To counteract this, we must utilize our wide, global perspective on the socio-political-economic world order and attempt to improve humanity’s quality of life. Focus outside energy toward changing the system, not toward the blinded individual cogs that reside inside the system.
Everything that these industries do is supported by political economic dogma and policies that reward maximized profits and higher yields.
Our addiction to finite fossil fuels, and the political economic systems on which our addiction thrives, perpetuates deeply harmful global problems.
Locally, multinational corporations out-price local competition and concentrate wealth. A process that governments incentivize.
International MNCs have the money to manufacture in third world countries - a process which mires the third world in poverty due to wealth concentration, mostly due to involvement in economic restructuring programs and domestic political-economic corruption, which encourages short-term thinking. The more powerful MNCs get, the more resources they exploit. From political backing, to legal council, to technological investment, to public relations, to natural resources, global behemoths emerge that can act without restraint and without remorse.
Their influence can be felt throughout each community. On a local level, a town or city will invest in a strip mall or tax breaks for a certain industry over public transportation or other community building initiatives. While looking good in the short term with slight “job growth” or capital investment, these community investments do just the opposite - funnel capital to a select few and burden the rest. We must investigate the pros and cons of reliance on these investments, not just over one political election cycle, but over the lifetime of the community.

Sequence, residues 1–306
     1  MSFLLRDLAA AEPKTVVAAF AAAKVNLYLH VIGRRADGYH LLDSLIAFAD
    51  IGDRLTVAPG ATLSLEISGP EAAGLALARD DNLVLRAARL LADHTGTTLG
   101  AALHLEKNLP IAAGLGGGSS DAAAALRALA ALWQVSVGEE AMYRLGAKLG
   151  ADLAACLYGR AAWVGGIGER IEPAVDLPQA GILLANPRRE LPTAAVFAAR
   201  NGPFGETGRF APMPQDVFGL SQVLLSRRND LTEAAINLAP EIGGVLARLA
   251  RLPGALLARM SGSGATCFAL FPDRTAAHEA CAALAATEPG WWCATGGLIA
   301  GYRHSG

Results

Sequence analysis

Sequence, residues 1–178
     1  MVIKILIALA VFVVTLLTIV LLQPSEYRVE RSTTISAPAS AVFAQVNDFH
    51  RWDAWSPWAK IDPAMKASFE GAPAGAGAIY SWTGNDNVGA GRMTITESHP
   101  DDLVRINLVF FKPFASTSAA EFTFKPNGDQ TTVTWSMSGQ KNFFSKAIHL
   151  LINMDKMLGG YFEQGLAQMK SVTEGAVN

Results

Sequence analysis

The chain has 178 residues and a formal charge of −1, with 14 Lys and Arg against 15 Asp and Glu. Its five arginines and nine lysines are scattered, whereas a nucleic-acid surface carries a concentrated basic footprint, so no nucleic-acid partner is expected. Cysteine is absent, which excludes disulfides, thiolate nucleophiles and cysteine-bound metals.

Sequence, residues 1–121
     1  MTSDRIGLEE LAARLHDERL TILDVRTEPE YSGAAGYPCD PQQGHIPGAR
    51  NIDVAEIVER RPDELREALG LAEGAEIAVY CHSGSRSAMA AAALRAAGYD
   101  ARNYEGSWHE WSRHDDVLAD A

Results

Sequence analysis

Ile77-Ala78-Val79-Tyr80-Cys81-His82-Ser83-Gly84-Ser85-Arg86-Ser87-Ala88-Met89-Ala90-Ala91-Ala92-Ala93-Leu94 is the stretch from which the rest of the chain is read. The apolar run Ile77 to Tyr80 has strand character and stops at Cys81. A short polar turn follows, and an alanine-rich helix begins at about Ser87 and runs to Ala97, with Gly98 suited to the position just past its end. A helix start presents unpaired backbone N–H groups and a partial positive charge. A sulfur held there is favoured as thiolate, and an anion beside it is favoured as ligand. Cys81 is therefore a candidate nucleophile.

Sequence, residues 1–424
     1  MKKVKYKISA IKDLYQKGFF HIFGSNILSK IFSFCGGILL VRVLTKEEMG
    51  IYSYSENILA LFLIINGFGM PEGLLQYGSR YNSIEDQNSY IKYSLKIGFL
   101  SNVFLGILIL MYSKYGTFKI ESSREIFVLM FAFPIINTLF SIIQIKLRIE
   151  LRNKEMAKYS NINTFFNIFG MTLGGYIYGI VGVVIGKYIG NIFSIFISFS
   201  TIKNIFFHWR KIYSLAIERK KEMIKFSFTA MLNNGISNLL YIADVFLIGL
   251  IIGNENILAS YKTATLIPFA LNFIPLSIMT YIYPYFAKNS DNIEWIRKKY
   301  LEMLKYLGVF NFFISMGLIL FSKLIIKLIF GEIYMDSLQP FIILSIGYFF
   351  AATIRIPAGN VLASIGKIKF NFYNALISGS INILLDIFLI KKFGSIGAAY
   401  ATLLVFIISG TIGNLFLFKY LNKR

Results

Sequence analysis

In Brazil, among other countries, slash and burn clear-cutting is incentivized by a global industry that demands the cheapest logging possible. Regardless of the emissions created by the practice, it contributes to huge losses in biodiversity as well as poor labor conditions. In fact, as of 2006, the Brazilian government acknowledged at least 25000 Brazilian laborers worked under “conditions analogous to slavery” when clearing Amazon land for farming and logging conglomerates.
Take sweatshop labor. Many acknowledge that worldwide shipping via container ships and planes contributes to a large amount of emissions that may resulting in human-induced climate change. But are the risks involved with harmful emissions more insidious than the ramifications of the frenzied pursuit of cheap resources, which causes the third world to prostitute itself with cheap labor and textiles? Or the complementary hyperconsumerism that destroys the first world through credit addiction and loss of cultural identity? Or the hegemonic power enjoyed by MNCs and the politicians who are rewarded for maintaining and growing that power? These poignant issues will cause change.